I think there’s a combination of enormous denial ... that we do not want to believe — as a tolerating mechanism in the morning — that we can wake up and have what happened to David happen to us. So I think, it’s part of the aim of the film, was a necessary intervention to break through that desensitization to see this ... as ripple effects. We [the country] are a community and family.
The issue of gun violence has never been an issue of "let's take the guns." The Second Amendment prevents that. Instead, what Synder's above quote shows is that the underlying issue is about protecting communities — it's about keeping families and children safe, and there are a lot of conversations we need to have that keep that end goal in mind: gun violence research and its suppression, mental illness research and mental health infrastructure, public opinion on gun safety, Congress' inaction on legislation, to name a few. Wheeler says, for parents, the conversations that could keep their children safe start at home:
If you have a kid that has an anaphylactic reaction to peanuts, and you take him to a birthday party and there’s a giant bowl of peanut M&Ms on the table, what do you do? You say to the mom or the other parent 'My son’s allergic, so ... what can we do about this?' So, subsequently, that conversation [about weapons] has to happen. Parents have to be able and willing to talk to other parents and neighbors where their kids spend their time and say 'Do you have any firearms in the house? Where are they? Is the ammo in the same place? Are they stored together? Does your child know where they are? Who knows where they are?'
And, sure, these types of conversations will not prevent all accidents, but the conversations themselves are just the starting point.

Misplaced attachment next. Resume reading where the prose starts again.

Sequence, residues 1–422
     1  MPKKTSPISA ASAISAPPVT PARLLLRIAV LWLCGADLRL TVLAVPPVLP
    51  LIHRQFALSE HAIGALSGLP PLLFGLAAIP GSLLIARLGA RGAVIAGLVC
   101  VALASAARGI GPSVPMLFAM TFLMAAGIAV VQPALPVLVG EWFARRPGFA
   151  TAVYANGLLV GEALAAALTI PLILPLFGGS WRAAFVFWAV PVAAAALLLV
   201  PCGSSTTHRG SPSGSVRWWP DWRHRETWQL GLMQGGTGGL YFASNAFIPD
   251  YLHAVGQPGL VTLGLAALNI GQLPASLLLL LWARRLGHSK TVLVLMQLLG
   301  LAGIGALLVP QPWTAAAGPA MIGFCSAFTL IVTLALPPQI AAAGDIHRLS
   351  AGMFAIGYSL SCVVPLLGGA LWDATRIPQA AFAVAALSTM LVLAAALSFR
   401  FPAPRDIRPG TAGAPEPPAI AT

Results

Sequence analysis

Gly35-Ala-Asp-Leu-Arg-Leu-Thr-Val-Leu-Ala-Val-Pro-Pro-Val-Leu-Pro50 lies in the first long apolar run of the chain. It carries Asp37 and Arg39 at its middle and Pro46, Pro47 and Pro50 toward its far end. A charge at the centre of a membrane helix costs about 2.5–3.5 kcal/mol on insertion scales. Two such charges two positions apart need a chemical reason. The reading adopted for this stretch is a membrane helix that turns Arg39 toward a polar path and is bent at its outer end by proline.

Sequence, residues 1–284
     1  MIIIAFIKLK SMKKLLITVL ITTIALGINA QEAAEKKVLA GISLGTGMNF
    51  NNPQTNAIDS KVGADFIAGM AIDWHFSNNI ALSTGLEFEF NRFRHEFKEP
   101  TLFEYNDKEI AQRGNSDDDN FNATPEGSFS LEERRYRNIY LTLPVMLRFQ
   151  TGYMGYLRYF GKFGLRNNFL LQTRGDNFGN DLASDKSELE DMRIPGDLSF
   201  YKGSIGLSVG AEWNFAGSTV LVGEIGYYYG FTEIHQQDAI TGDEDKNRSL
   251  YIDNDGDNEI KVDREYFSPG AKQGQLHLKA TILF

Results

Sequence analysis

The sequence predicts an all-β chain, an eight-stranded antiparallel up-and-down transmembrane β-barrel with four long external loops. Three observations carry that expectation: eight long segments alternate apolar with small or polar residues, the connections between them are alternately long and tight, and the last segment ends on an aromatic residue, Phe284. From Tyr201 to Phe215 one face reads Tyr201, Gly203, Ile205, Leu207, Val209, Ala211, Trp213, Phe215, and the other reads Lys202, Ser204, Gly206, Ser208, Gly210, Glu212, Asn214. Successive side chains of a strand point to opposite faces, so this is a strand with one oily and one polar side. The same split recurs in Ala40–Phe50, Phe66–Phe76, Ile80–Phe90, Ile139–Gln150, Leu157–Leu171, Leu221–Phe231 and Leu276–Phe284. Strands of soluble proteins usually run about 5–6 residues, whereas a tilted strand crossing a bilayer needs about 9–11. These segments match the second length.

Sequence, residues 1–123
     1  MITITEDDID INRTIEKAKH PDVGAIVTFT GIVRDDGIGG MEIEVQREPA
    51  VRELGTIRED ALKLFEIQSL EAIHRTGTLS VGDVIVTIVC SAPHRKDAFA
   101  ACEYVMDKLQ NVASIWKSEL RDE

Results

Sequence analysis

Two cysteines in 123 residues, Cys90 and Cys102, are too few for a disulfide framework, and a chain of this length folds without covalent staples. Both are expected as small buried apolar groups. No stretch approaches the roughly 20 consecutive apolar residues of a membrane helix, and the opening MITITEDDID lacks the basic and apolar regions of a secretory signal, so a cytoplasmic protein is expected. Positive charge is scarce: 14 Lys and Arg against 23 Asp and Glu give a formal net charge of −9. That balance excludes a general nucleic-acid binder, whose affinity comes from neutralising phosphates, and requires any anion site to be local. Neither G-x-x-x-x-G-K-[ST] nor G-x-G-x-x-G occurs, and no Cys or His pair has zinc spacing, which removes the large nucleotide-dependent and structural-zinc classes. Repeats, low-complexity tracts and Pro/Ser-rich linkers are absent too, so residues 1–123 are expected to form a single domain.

You have to imagine. You have to stop and think 'What would I do, if it were me? And what can I do right now to make sure that maybe it won’t be me?' Cause there’s always something you can do.
In November 2013, Sandy Hook Elementary School was demolished. A few weeks before, Wheeler says he woke up one morning and decided that he had to see the classroom, even though he previously had no desire to see it. When Wheeler describes visiting the school, he pauses repeatedly, struggling to describe the place where his son was shot:
I didn’t want to, at first. I couldn’t understand why anyone would want to go back. I had no desire to see that place. Part of that was informed by the fact that my son… died on the way to the hospital. So, I didn’t have that kind of emotional connection to that place, per say. ... But, as I say in the film, one morning, I woke up and I realized, that was not how I felt at all. I don’t know if you’ve had that happen recently: You wake up with this galvanic resolution. You realize ‘Oh my God, everything I’ve thought about this is wrong.' And it was one of those, and I realized that I had to go. I had to stand there in that classroom. I had to see it.
Wheeler later said that he is a part of the movement for gun safety reform, but not because he wants to be. "This club that I’m an unwitting and an unwilling member of is just getting bigger and bigger and bigger and bigger," he says. Meaning, he's a part of the group of people who have lost children, mothers, fathers, brothers, and sisters to gun violence, and he doesn't want the club to get any bigger — even though, Wheeler says with conviction, it inevitably will.
Anybody that’s ever had something like this happen to them — and the people to whom it will happen as it continues — many of their friends and family will say to them 'I just can’t imagine. I just can’t imagine,' and we heard it ceaselessly. And that’s part of the problem. You have to imagine. You have to stop and think 'What would I do, if it were me? And what can I do right now to make sure that maybe it won’t be me?' Cause there’s always something you can do. There’s always something everybody can do — whether it’s researching the person on the ballot, the names on the ballot the next time you’re in the voting booth, or supporting or assisting organizations that are working to change things — there’s a million things you can do. So just to say 'I just can’t imagine it' and to just shove it off to the side as something that you won’t ever accept is no longer acceptable. You can’t do it anymore.
To find a screening of Newtown near you, visit this website.